Families who welcome a newborn baby do not necessarily want to give up their holidays for the first year. It is perfectly possible to go on holiday with baby, as long as you are well organised, take all the necessary precautions and have everything you need on site so that looking after the toddler is as if you were at home. The following tips will help you adopt the right reflexes to make your first holiday with an infant a pleasant one.

Take all the essential items with you

The first holiday with an infant has everything to be one of the most beautiful memories of a lifetime, provided it is well prepared. And first of all, you have to think about all the equipment you'll need on site. Travelling by plane or train is possible, but it's much more practical in the first year to choose the car and head for a destination not too far away. In the car, make sure you practise loading, trying to stow the pram, folding bed, stroller, bath seat or inflatable bathtub and the bag containing the bottles, teats and a few jars of powdered milk.

In addition to this, there will be the suitcases with the parents' clothes and the bag with the baby's clothes. In order to avoid doing laundry every other day, it is necessary to bring enough bras, t-shirts, panties and some warm clothes. Be careful to stow everything in the trunk and possibly on the rear seats next to baby without this hindering the driver's visibility. And if it's really too complicated, it's then wise to look at the rentals that provide baby equipment, this can avoid having to carry some bulky equipment (bed, stroller ...).

Diapers are another essential item to have on hand during the holidays. And rather than cluttering up the car with several packs of diapers or running to the shops after a few days, an interesting alternative is to take out practical subscriptions to have diapers delivered on holiday. The nappies are then delivered directly to the address on the spot and the brand used remains the same! Orders are placed directly on the Internet, saving precious time

First holiday with an infant: visit the paediatrician and enjoy the stay

Before going to the holiday destination, it is important to make an appointment with the paediatrician to take stock of the situation. During this check-up, the health professional will check vaccinations, update the health record and will not hesitate to give valuable recommendations to leave serenely. He or she can provide a list of medicines to take with you (eye drops, rehydration sachets, the usual treatment...) and possibly recommend a colleague on site in case of problems.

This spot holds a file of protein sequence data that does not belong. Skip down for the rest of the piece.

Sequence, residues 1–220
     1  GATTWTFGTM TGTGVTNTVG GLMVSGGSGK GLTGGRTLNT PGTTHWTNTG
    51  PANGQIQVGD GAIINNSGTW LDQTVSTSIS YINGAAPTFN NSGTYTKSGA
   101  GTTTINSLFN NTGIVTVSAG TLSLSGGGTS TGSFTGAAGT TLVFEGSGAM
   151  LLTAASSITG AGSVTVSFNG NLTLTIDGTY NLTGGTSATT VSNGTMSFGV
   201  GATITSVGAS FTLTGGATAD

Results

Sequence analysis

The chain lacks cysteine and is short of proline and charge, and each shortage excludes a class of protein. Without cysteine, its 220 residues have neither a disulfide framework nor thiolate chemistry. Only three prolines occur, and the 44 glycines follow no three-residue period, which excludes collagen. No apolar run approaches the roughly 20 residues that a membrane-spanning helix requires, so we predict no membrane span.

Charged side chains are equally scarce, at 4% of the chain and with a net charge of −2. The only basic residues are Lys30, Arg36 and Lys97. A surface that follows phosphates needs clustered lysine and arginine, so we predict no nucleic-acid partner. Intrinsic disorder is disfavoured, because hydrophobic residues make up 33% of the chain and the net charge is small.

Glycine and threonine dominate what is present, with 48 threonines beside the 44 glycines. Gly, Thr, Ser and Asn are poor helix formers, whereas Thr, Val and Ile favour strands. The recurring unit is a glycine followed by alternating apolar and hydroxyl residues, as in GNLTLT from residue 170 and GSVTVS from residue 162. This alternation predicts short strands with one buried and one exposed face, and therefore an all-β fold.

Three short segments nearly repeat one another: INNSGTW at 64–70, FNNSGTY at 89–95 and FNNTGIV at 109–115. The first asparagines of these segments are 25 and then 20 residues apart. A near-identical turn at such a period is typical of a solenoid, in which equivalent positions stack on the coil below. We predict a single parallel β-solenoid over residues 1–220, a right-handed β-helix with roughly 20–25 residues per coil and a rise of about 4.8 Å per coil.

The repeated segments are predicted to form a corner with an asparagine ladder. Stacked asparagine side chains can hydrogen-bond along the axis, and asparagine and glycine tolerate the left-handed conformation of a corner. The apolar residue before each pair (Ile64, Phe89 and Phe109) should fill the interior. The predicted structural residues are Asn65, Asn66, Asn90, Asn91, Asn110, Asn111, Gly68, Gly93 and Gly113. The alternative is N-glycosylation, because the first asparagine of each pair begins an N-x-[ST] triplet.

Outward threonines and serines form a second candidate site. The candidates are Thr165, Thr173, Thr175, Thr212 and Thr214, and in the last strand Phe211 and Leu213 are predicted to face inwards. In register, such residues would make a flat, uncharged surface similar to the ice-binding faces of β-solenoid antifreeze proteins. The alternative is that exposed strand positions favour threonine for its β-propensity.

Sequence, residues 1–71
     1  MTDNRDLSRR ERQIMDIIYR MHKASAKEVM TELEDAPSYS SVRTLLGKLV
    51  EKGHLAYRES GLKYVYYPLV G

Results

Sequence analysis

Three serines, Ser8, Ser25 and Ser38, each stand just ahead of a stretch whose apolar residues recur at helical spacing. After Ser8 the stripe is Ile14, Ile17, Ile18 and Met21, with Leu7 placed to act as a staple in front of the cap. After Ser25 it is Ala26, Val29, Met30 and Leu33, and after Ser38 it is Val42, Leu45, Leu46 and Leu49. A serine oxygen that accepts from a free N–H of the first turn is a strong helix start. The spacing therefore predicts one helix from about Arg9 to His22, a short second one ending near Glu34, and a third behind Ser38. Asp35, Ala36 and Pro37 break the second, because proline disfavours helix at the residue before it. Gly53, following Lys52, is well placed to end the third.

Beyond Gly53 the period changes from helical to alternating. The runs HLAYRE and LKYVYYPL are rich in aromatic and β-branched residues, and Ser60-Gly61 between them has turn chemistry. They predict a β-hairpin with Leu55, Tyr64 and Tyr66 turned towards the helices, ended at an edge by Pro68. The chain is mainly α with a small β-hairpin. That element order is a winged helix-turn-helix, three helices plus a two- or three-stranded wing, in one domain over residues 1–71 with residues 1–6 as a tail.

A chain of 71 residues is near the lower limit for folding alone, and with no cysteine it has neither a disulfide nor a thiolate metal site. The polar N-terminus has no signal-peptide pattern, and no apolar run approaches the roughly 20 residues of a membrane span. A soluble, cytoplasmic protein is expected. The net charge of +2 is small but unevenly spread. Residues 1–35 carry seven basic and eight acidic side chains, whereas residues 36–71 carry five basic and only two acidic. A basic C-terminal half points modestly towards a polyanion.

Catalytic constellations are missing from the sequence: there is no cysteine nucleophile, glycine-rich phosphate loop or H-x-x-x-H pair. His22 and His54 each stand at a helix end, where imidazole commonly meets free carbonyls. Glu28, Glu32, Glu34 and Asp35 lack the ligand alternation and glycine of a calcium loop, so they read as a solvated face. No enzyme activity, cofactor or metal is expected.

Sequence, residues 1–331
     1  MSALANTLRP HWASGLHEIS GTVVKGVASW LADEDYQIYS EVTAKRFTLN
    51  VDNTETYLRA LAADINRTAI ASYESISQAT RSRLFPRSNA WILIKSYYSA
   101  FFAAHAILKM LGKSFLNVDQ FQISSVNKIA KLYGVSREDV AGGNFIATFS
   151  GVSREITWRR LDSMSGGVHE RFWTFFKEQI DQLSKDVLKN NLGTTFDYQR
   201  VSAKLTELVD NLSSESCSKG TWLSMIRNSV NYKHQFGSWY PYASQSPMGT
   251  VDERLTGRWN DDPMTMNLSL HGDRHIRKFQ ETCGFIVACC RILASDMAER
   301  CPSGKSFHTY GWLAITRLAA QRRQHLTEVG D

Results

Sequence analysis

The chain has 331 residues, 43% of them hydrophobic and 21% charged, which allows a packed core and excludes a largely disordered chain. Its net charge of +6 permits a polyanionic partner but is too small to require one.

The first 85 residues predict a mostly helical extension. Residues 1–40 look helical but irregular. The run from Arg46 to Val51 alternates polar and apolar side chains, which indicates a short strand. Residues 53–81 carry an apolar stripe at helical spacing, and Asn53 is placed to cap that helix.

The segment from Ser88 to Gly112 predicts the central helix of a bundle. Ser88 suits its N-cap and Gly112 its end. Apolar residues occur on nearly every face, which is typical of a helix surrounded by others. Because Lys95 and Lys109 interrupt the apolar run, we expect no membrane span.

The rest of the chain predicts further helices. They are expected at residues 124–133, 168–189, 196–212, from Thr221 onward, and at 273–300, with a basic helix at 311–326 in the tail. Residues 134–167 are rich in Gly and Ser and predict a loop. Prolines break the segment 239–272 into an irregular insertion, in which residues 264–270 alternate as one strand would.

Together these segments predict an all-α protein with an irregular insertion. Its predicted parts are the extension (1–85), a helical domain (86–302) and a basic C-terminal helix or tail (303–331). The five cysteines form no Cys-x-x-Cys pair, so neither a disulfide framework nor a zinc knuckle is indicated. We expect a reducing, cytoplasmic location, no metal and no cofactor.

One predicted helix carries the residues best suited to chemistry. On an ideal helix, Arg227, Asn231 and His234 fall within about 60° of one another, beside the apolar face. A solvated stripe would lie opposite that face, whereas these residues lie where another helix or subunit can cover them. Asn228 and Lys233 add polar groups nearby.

On the day of departure, it is advisable to check the traffic to avoid big departures and traffic jams. In any case, leaving very early in the morning is the right option, the roads are generally less congested and the temperatures are milder. Once the trip is over, it's time to settle down and enjoy a family vacation!

The ideal is to prepare the baby's room by setting up the cot, clothes in the wardrobe and preparing the toilet and changing area. Depending on the holiday location, several recommendations should be recalled, in order to be as careful as possible. Children under the age of 1 year should not be exposed to direct sunlight, otherwise they may be burned and dehydrated. It is therefore preferable to go for walks in a pram or pushchair with an umbrella and at the least hot hours, before 11am and after 5pm.

At the sea, the beach is not really baby's best friend, as there are often lots of people, noise and sand that can fly. A walk on the beach is possible, but again at the cooler hours and when the beaches are less crowded. The countryside is much appreciated by parents who leave with their babies, so we take advantage of quiet corners and the shade of the trees for picnics and afternoons of idleness by a river. Be careful however with insects, it is always necessary to think of protecting baby and not to put it directly in contact with the ground. The mountains can also be a very relaxing place for holidays with a baby, but be careful not to exceed 1,500 m in altitude, as the air becomes scarcer and baby's eardrums remain fragile